By the most commonly accepted calculations, Moses did not receive any announcement against homicide until c. 1491 BCE—or 369 years after Abraham’s attempted sacrifice of his son, and 2384 years after Abel’s untimely demise.  It might be said that the commandment “thou shalt not kill” was a case of too little too late.  Even with this commandment as counsel, good old Joshua, the god-favored successor to Moses, is portrayed as happily indulging himself in holocaustic slaughter of countless Canaanites.

Then there is the tale of Jephthah, a blustery Israelite who was called upon by the Israelite elders to head off a threatened Ammonite attack in 1143 BCE.  Jephthah swore that if he won in battle then “…whatsoever cometh forth out of the doors of my house to meet me…” I will then offer it up for a burnt offering (2 Judges).  Well, Jephthah won the battle.  His “honor” supposedly demanded the ritual murder of his daughter, for in her joy to see his safe return his daughter had rushed out to meet him.  Was it Jephthah’s fault or god’s indifference that caused the girl to be burned to death?  Even god seems to have ignored his own edict not to kill that he had handed down only 348 years before, for he did nothing to save the girl.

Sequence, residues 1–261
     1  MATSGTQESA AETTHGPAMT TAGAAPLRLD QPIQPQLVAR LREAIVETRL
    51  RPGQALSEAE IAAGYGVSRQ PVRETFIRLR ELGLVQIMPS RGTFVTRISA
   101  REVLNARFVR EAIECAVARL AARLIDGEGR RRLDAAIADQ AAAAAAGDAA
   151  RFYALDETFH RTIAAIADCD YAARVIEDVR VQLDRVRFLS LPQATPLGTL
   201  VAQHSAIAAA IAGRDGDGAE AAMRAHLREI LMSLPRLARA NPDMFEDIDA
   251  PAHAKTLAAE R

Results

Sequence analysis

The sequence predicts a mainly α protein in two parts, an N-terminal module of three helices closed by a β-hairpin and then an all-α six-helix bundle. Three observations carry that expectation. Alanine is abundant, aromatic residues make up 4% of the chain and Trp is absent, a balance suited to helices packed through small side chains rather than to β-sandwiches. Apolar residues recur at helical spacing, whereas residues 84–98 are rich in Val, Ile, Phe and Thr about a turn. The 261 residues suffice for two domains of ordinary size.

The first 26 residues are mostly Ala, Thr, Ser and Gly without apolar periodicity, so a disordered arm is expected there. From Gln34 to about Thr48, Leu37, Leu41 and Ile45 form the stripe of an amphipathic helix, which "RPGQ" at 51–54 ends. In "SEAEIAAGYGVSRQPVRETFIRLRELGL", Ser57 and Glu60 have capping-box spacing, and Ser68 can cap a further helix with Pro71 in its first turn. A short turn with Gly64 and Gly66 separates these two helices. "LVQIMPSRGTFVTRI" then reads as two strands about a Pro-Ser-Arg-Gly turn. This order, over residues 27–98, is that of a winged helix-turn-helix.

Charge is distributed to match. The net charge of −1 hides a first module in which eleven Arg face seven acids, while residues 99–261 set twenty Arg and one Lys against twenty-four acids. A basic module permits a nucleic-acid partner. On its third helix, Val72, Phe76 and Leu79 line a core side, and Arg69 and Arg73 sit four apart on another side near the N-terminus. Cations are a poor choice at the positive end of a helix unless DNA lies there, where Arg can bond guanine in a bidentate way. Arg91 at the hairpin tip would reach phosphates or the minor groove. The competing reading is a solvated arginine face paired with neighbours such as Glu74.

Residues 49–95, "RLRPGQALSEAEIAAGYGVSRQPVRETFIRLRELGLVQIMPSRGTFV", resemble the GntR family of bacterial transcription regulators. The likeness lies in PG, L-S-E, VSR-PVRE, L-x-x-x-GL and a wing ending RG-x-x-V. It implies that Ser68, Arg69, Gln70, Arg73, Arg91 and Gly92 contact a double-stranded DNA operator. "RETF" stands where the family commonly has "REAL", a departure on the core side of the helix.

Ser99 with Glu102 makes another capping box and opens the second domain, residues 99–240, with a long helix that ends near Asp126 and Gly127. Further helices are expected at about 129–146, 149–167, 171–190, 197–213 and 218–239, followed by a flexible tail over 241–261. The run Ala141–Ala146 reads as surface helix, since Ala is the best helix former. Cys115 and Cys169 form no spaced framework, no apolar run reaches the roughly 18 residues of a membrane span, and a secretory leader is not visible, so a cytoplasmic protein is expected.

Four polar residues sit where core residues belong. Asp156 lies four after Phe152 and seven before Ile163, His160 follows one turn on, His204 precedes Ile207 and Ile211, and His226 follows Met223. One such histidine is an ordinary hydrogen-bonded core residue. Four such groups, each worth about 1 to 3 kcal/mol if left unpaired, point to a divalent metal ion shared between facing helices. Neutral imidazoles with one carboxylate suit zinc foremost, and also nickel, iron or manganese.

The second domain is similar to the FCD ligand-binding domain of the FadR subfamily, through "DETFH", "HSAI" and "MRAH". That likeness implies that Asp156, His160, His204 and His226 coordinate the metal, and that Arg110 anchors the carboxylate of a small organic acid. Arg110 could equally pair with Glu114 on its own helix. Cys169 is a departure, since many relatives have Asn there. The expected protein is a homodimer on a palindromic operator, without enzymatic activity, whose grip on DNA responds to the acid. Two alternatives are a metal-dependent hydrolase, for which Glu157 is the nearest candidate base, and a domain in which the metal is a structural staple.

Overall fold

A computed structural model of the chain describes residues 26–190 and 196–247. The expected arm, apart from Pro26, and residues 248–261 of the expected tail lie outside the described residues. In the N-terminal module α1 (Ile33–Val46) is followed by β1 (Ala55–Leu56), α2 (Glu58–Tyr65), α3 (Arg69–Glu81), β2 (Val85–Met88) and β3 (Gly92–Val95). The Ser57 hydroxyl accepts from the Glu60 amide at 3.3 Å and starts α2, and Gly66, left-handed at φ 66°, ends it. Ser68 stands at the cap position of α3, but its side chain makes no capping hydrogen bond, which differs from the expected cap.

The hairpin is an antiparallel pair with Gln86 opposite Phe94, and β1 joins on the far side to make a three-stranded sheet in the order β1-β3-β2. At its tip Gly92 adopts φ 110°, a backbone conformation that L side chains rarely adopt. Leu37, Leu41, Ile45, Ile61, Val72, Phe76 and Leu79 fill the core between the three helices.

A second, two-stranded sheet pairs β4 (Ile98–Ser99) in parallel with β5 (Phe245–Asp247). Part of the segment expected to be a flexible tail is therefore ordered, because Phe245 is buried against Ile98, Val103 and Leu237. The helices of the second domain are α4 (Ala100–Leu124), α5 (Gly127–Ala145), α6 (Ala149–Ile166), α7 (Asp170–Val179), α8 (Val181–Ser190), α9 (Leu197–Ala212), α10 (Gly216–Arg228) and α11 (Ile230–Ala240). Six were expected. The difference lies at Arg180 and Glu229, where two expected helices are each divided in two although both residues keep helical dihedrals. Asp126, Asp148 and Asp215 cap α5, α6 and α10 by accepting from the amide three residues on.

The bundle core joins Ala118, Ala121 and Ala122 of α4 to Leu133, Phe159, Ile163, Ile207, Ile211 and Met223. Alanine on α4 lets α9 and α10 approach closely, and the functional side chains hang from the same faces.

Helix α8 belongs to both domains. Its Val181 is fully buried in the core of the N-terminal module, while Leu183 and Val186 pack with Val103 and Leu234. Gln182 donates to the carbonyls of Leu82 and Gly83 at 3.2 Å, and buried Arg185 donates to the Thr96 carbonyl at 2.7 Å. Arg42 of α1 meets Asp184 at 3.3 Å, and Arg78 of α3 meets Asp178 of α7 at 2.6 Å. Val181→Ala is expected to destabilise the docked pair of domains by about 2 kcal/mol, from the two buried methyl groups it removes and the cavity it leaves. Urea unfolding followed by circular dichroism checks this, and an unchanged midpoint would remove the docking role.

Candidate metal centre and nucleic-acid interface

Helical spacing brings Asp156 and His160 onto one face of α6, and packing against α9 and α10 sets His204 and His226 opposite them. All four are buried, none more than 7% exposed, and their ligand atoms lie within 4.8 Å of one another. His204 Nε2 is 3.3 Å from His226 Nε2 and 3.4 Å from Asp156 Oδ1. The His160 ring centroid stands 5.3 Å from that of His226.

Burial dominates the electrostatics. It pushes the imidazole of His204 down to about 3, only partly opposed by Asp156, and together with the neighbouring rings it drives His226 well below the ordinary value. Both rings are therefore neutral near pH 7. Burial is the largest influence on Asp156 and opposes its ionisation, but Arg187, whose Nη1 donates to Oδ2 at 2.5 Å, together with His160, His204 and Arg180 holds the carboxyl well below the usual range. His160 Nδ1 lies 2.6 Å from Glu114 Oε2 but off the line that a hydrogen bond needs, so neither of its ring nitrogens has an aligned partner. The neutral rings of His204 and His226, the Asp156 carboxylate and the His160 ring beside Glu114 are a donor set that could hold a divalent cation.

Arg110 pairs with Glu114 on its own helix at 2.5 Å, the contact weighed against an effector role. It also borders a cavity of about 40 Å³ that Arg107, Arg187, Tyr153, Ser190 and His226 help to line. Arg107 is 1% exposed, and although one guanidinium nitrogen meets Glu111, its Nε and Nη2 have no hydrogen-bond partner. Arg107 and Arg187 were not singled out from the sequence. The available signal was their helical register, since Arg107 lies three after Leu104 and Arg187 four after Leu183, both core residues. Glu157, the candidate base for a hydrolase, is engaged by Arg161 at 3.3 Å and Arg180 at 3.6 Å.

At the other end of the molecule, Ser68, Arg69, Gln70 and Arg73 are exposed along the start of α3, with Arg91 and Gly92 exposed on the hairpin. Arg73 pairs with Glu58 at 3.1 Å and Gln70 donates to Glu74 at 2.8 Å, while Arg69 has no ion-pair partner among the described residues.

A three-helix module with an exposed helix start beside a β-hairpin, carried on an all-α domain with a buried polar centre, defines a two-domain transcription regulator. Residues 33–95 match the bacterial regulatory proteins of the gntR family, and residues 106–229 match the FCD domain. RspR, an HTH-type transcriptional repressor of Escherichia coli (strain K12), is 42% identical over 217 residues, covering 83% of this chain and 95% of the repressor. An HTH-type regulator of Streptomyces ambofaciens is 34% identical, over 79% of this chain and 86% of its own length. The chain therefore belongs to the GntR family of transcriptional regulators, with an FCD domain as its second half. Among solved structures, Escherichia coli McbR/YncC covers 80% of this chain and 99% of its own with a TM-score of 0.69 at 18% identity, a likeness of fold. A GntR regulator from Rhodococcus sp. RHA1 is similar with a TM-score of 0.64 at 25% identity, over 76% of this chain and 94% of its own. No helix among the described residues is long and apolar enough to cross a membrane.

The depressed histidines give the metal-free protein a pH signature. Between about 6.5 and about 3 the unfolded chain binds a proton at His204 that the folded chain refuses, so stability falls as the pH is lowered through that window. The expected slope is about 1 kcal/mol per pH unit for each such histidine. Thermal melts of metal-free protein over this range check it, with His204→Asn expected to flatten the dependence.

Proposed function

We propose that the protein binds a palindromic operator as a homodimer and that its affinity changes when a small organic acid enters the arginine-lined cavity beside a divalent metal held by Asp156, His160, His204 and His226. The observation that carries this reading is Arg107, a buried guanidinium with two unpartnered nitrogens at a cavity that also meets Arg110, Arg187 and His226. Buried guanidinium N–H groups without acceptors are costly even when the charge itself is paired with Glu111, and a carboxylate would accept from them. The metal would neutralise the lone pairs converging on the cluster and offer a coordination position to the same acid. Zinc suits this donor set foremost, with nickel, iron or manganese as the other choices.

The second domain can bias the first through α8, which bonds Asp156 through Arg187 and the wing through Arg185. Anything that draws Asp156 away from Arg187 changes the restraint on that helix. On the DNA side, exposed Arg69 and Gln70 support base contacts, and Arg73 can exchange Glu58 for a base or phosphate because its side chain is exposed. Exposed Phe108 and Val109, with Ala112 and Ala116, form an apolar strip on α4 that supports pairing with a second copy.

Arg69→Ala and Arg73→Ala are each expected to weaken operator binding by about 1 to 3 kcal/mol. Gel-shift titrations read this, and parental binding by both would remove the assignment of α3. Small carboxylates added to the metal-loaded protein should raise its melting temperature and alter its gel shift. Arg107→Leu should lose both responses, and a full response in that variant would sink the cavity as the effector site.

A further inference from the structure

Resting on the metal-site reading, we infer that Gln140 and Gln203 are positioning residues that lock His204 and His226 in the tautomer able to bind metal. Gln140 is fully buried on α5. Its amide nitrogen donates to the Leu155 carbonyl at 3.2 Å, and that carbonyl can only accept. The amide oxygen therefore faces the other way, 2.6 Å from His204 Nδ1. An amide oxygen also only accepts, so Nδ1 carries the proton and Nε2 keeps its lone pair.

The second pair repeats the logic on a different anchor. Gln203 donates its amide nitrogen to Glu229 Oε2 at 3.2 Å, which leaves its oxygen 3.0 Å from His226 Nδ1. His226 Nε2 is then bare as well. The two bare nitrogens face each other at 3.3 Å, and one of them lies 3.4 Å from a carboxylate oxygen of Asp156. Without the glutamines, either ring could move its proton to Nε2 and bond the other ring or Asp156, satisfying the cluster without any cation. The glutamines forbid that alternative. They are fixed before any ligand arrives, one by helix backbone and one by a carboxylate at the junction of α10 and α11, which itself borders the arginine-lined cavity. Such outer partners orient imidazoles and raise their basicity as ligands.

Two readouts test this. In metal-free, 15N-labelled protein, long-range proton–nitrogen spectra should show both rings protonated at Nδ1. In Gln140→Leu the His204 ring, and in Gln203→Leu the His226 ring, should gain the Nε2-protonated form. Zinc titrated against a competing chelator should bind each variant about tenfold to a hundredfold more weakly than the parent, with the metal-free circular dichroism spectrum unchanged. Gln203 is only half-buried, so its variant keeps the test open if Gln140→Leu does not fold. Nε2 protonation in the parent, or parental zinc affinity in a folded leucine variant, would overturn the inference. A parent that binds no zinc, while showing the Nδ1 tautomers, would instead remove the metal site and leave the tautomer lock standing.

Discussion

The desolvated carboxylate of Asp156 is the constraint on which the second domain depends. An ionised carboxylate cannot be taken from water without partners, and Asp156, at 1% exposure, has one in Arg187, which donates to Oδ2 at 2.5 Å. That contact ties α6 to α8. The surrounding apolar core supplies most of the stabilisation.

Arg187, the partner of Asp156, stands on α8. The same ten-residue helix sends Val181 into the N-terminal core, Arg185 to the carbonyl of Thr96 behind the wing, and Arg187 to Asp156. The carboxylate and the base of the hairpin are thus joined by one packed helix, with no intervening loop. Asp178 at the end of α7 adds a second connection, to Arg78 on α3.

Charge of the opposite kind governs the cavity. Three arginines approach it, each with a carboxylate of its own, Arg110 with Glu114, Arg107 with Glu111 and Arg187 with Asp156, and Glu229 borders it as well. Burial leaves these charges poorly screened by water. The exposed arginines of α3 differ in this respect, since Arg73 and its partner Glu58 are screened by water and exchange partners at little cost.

412 years after the commandment not to kill had been handed down, King Saul of Israel is said to have indulged himself in a swift war of extermination against the Amalekites in 1079 BCE in which, the boast goes, every man, woman, babe, and child were “utterly destroyed.”  This was poor press for the children of god, but was made even worse by King Saul’s pitiless “prophet,” Samuel, depicted as having savagely chopped the captured and defenseless Amalekite King Agag into mincemeat with a sword.  Samuel also contributed to Israel’s gory glory by then promoting David (1040-973? BCE) for the throne.  And ultimately, 23 years after Saul’s slaughter of Agag, David is said to have succeeded Saul as King of Israel.